Kev and I DIY’d whatever we could for our big day, including our invites. I didn’t like any of the “free” or “close to free” printable invitation templates out there, and also needed a sort of creative suite that we could use for various assets/signage (i.e., menu, RSVP card, table numbers, etc.). We all know I can’t draw, but I figured I might be able to get away with some amateur watercoloring. It’s fuzzy and messy looking at it’s prettiest, so how could I go wrong, right? Well…
I read forum after forum (after forum after forum after forum) about anything from what sort of techniques there were to what type of watercolor paints (tube, cakes, pencils) and brushes (natural, synthetic, cheap, expensive) to buy. I bought a pretty decent (but still inexpensive) set of watercolor paints and brushes, and a basic set of watercolor pencils to help with corrections. I also looked around for artists whose style is similar to the aesthetic I had in mind and quickly fell in love with Yao Cheng Design‘s seemingly effortless but beautiful work. I even tried mimicking one just as practice, but I couldn’t even figure out how to mix anything close to the colors she used let alone developing the shapes, color concentration, etc.
After several more tries with different looks, I finally came up wtih a few I was satisfied with. But then I couldn’t get the watercolor to scan accurately!
After looking into a few more forums, it turns out that a lot of artists have this problem too and end up just taking photographs of their watercolor in a lot of cases with an expensive DSLR. Purchasing a DSLR defeated the purpose of DIY’ing the invite to save money, so… I had to figure out a way to make do with what I had and scanning it. The wreath was the one painting that had the least error, likely due to there being smaller strokes to show texture, vs letting color sit heavier in other places. However, here is the scanned version of the first attempt (yes, there were multiple attempts).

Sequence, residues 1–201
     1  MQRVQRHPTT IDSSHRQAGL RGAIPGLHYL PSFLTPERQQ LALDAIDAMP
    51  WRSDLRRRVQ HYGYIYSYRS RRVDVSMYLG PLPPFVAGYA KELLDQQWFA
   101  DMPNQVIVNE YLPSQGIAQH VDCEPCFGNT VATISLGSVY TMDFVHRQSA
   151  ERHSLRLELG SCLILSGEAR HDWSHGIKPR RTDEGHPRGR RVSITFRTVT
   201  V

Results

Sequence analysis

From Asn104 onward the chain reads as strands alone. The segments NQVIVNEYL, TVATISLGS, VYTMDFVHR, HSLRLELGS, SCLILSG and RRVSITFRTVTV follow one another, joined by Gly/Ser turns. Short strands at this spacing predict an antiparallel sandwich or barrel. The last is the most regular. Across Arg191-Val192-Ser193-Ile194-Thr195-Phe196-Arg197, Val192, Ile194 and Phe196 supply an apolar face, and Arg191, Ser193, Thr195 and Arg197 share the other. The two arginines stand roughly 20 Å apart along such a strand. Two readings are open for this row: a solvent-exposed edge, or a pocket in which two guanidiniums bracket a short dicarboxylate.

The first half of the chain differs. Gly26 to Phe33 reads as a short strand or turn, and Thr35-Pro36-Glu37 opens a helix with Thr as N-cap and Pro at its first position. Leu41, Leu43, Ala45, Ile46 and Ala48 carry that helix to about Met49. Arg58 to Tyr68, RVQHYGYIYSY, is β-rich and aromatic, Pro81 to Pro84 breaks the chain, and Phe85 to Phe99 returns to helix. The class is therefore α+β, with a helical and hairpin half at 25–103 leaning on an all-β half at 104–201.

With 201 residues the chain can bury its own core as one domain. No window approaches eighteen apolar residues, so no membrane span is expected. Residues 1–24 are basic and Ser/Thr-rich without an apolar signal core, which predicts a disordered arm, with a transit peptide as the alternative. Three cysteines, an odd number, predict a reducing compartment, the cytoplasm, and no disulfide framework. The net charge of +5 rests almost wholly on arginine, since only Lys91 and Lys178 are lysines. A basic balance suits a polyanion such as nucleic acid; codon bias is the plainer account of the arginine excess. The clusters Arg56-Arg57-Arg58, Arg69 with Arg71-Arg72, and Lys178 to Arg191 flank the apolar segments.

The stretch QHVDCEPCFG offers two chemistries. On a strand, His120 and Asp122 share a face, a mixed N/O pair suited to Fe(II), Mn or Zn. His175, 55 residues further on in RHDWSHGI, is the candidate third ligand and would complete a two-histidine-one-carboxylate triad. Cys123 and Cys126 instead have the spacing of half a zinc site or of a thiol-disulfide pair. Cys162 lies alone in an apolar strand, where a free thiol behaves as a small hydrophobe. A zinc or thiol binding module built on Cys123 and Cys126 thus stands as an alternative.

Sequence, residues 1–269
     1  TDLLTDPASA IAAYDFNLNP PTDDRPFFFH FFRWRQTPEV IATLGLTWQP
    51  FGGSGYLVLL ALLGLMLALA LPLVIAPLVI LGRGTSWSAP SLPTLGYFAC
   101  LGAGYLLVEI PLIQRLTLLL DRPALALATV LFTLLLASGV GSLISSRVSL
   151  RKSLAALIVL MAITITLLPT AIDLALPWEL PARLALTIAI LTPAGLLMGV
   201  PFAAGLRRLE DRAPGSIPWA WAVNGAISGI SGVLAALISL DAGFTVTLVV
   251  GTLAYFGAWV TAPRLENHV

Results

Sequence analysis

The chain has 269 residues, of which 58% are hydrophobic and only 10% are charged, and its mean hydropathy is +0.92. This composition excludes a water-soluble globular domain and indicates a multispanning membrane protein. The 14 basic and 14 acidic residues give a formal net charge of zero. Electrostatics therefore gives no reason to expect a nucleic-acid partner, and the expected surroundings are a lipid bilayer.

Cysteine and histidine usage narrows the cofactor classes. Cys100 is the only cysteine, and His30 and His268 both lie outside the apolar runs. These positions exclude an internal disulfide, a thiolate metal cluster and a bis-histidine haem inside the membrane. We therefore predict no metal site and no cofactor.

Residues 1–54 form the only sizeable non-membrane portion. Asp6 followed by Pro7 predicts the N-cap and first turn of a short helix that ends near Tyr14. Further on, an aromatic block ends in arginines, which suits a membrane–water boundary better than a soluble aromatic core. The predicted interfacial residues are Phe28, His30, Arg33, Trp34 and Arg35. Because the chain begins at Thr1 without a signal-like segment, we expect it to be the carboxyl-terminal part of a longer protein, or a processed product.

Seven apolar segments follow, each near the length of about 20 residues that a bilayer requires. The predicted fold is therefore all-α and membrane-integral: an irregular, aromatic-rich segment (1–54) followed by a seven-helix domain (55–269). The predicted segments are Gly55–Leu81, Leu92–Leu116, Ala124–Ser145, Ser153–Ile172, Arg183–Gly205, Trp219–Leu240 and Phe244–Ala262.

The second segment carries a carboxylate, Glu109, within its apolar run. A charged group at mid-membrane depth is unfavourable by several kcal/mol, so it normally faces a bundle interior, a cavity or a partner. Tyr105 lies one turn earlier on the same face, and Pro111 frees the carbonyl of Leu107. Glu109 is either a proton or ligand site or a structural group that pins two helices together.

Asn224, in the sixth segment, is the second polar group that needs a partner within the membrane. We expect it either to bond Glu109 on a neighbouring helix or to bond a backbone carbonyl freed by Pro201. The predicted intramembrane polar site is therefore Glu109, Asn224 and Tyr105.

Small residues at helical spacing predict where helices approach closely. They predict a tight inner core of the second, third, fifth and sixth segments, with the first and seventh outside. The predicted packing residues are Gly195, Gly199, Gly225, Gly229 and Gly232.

For whatever reason, scanning really washed out the painting and added a grayish-yellow tinge, and it reminded me a bit of Lamb’s Ear which is pretty but not what I was looking for. I took it to FedEx Kinko’s, scanned it at work, and went to a couple other different printers, and I even went to a few art supply stores to ask where people took their artwork to get scanned. Turns out that our hand-me-down printer/scanner from Kevin’s mom was the most color accurate of the bunch! Still – the above image was not what I wanted.
So I painted another “bluer”/bolder version of the wreath, thinking the scanner would balance it out. And it worked!
I also made a few watercolor doodles with the same colors that we incorporated as accents throughout the rest of our “creative suite”:
Here’s the finished product. I purchased blush envelopes from Paper Source (with a discount of course!) to add our wedding colors into the mix, and framed the invitation creative with a blush border to tie it all together. I found a Pantone color guide online that broke down Paper Source’s paper color specs pretty accurately. I designed everything in PowerPoint because I’m useless with Photoshop, and thankfully my very kind and patient friend Lingie laid it all out in a printable file that I could send off to my go-to reliable (and inexpensive!) printer.
In forgoing a design fee, we were able to get it all done including envelopes and RSVP postcards for under $125. We splurged a bit by using a really thick matte textured paper for the invite that almost looked like watercolor paper. Here’s what the final suite looked like. Photo courtesy of Rodney Ty Photography.
I also used some little watercolor doodles to accent our address labels, favor labels, table numbers, menu, etc. Check out the gallery for more! All of the professional photos were taken by Rodney.